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Thursday, September 2, 2021

X-amining X-Force #60

"I Know YOU Are But What Am I?"
November 1996

In a Nutshell
X-Force tries to rescue Cable & Shatterstar from Mojo.

Writer: Jeph Loeb
Penciler: Anthony Castrillo 
Inker: Bud LaRosa
Letterer: Richard Starkings & Comicraft
Colorist: Marie Javins
Editor-in-Chief: Bob Harras

On Mojoworld, Mojo attempts to brainwash the captive Shatterstar & Cable. Meanwhile, Longshot brings X-Force to Doctor Strange to get his help traveling to Mojoworld. In Miami, Risque, eager to find Warpath, is confronted by Blob, Mimic, and their mysterious leader. In Mojoworld, Longshot X-Force meets up with Dazzler and her fellow rebels, then helps them storm Mojo's castle. But they find it curiously empty, save for a single television playing the "Cable and Shatterstar Show". Longshot explains that they've been digitized, and won't survive in that form for long. What's worse, humans watching the show on Earth become entranced, much to the delight of Mojo, who wants to make the entire world his captive audience.   

Firsts and Other Notables
Risque returns in this issue, and it's revealed that Blob and Mimic were responsible for pulling her out of the X-Mansion during Mister Sinister's attack between issues #57 and #58, acting on the orders of a mysterious figure whom Risque seems to fear. The identity of this individual, appearing here in the shadows, is unclear, as he doesn't really resemble either Sledge, who will be revealed in issue #66 as Risque's employer who sent her after Warpath, nor a similarly-shadowed, mysterious figure who appears with Blob and Mimic in issue #65 and is likely meant to be the same person as is appearing here (ultimately, I'm sure the lack of clarity is the result of the change in creative teams mid-story.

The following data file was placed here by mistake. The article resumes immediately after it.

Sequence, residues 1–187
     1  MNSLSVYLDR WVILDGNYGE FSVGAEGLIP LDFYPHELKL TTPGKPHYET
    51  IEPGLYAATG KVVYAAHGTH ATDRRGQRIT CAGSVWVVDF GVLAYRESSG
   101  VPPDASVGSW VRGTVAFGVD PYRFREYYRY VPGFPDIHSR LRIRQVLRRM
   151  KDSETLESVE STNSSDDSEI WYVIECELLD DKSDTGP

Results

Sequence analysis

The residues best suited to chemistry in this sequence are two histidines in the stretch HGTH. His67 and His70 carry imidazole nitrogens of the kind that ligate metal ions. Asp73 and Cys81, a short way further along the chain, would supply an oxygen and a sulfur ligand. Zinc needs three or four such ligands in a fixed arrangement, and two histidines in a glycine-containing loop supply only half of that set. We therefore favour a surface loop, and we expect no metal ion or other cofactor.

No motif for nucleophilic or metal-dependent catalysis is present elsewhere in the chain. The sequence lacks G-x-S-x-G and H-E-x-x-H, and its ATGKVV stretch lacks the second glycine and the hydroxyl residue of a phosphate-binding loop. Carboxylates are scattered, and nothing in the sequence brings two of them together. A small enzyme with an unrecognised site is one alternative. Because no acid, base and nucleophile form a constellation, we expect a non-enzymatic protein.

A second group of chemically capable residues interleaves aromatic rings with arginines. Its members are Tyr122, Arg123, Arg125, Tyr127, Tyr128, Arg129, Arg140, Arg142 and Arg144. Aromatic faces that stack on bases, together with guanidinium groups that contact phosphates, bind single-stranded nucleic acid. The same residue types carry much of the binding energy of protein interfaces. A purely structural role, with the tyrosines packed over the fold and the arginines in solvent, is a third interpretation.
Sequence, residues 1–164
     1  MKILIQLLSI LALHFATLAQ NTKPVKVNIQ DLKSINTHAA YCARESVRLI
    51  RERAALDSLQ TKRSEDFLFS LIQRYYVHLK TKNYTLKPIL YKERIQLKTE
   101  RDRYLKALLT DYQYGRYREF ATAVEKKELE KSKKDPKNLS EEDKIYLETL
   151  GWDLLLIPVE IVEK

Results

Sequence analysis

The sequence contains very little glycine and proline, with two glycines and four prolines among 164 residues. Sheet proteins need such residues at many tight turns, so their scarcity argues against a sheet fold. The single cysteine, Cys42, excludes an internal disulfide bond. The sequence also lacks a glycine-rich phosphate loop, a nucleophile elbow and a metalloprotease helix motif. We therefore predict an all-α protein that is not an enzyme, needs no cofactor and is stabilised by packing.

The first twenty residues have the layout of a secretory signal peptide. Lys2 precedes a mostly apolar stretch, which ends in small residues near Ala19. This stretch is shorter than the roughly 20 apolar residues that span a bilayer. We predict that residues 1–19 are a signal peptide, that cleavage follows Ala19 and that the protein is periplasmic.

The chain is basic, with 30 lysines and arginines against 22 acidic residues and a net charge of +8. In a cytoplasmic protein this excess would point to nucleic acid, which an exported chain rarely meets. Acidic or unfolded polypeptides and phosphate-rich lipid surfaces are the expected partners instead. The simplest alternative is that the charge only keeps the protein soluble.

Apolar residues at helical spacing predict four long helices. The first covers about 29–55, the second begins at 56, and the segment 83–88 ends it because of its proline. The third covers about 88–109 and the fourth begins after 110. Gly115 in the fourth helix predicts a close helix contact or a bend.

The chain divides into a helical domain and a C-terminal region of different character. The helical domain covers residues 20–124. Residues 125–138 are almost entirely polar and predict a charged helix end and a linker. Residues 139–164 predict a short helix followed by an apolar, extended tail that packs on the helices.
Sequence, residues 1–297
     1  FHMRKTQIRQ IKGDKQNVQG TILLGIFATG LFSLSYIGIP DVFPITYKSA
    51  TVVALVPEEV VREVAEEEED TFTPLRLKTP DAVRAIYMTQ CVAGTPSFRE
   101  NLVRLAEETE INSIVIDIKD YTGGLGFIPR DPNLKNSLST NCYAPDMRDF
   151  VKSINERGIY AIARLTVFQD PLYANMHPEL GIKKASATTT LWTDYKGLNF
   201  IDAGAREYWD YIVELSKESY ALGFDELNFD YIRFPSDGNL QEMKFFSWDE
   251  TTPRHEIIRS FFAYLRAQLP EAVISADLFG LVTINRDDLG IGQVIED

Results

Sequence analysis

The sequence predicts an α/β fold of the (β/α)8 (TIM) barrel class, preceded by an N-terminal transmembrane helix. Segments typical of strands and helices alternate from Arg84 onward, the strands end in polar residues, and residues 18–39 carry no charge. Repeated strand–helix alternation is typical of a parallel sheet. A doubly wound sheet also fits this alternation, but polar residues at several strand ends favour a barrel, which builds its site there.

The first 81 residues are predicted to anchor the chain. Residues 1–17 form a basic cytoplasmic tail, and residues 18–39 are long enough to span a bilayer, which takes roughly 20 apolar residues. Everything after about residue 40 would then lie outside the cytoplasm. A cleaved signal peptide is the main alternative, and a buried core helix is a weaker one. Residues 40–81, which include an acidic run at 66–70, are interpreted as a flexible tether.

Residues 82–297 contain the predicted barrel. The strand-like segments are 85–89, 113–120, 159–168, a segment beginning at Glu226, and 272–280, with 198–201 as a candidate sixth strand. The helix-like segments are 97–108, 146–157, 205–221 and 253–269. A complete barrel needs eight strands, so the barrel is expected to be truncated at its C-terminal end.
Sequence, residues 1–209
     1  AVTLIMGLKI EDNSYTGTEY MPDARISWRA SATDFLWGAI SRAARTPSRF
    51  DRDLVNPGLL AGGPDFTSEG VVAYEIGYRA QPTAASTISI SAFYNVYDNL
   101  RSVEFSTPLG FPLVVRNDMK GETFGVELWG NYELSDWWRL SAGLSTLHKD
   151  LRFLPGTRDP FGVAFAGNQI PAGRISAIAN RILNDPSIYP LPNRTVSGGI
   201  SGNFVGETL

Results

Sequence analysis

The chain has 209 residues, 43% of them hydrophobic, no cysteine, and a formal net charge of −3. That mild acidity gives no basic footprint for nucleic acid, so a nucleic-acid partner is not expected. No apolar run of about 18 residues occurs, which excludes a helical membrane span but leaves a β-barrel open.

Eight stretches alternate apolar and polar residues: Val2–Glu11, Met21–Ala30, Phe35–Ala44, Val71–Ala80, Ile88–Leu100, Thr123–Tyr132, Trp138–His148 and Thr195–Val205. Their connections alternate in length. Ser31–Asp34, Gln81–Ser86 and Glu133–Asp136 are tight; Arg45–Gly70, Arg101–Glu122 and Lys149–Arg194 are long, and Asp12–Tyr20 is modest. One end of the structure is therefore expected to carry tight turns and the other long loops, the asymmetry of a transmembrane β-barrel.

With Longshot already on hand, Dazzler joins in the fun as well. 

A Work in Progress
Longshot is familiar with Doctor Strange due to their interactions in Longshot's introductory miniseries

Mojo is said to have become more warlike and more interested in actual conquest versus just controlling ratings, all of which Longshot fears is the start of a Hundred Years War between his rebel faction and Mojo that may or may not be a reference to X-Force Annual #1

Warpath is said to have moved at speeds of upwards of 100 MPH in this issue. 

When Mojo's creation of a soul-sucking TV show starring Cable and Shatterstar is revealed, the family being ensnared by the show is said to be living in Rutland, Vermont, home to regular Halloween parades and frequent superhero/comic book creator appearances

The Reference Section
The cover of this issue is an homage to the design/style of TV Guide covers at the time. 

Artistic Achievements
I generally enjoy Anthony Castrillo's work on this series and his somewhat animation-inspired style, yet his faces tend to run together (a not uncommon problem amongst comic book artists) as best illustrated in this panel, in which the only noticeable difference between Rictor and Warpath is their hair. 

Austin's Analysis